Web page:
If you don’t yet have a service for storing and syncing your data in the cloud, you should seriously consider getting one. Which one you choose depends on the kinds of files you store, how much security you need, whether you plan to collaborate with other people, and which devices you use to edit and access your files. It may also depend on your comfort level with computers in general. Most of these services are extremely user-friendly, while others offer advanced customization for more experienced techies.

What Can Cloud Storage Do for You?

The very best cloud storage solutions play nicely with other apps and services, making the experience of viewing and editing your files feel natural. Especially in business, you want your other software and apps to be able to retrieve or access your files, so making sure you use a service that easily authenticates with the other tools you use is a big deal. Box and Dropbox are particularly strong in this regard.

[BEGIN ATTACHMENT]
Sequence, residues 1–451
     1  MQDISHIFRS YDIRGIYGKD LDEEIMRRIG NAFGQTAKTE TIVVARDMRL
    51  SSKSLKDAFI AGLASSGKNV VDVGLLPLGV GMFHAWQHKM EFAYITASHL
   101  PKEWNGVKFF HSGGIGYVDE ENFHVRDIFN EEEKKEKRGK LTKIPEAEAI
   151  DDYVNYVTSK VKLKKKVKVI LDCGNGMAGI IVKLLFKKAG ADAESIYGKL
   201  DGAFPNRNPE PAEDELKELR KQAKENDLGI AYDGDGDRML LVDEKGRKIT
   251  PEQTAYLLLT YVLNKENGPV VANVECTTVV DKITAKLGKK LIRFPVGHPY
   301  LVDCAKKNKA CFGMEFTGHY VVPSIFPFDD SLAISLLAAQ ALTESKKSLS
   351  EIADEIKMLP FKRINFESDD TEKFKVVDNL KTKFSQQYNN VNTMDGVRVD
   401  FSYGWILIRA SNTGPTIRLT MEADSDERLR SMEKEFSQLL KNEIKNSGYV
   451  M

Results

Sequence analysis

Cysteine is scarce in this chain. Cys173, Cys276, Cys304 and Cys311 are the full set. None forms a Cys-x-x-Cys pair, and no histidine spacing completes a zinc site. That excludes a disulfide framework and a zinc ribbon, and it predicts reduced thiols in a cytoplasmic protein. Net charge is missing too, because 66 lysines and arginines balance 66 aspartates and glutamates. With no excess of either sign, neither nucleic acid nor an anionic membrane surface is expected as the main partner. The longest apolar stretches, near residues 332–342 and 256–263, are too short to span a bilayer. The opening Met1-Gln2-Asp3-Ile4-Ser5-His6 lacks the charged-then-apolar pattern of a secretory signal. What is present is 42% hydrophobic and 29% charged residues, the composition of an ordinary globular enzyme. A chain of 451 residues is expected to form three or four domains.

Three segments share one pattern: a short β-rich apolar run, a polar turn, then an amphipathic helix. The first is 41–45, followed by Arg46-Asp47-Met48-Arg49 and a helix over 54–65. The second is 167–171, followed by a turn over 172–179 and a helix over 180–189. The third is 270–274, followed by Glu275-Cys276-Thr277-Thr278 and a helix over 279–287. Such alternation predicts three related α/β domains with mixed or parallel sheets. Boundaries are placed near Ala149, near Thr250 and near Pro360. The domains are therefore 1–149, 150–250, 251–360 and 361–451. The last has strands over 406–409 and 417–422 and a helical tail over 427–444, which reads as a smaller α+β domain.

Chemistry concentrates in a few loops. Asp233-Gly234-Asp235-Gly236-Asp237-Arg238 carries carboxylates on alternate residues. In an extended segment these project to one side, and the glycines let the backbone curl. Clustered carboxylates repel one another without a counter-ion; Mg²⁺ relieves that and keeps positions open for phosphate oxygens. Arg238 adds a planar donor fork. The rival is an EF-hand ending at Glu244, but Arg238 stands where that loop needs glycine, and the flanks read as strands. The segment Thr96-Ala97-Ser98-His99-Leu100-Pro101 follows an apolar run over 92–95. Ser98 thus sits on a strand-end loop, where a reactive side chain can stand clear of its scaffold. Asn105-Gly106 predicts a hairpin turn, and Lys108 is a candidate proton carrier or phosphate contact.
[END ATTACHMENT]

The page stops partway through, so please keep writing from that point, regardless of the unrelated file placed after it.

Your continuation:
The range of capabilities of cloud-based storage services is incredible. Many of them specialize in a specific area. For example, Dropbox focuses on keeping a synced folder accessible everywhere. SpiderOak One Backup emphasizes security. Some cloud storage services, such as Apple iCloud, Google Drive and Microsoft OneDrive, are generalists, offering not only folder and file syncing, but also media-playing and device syncing. These products even double as collaboration software, offering real-time document co-editing.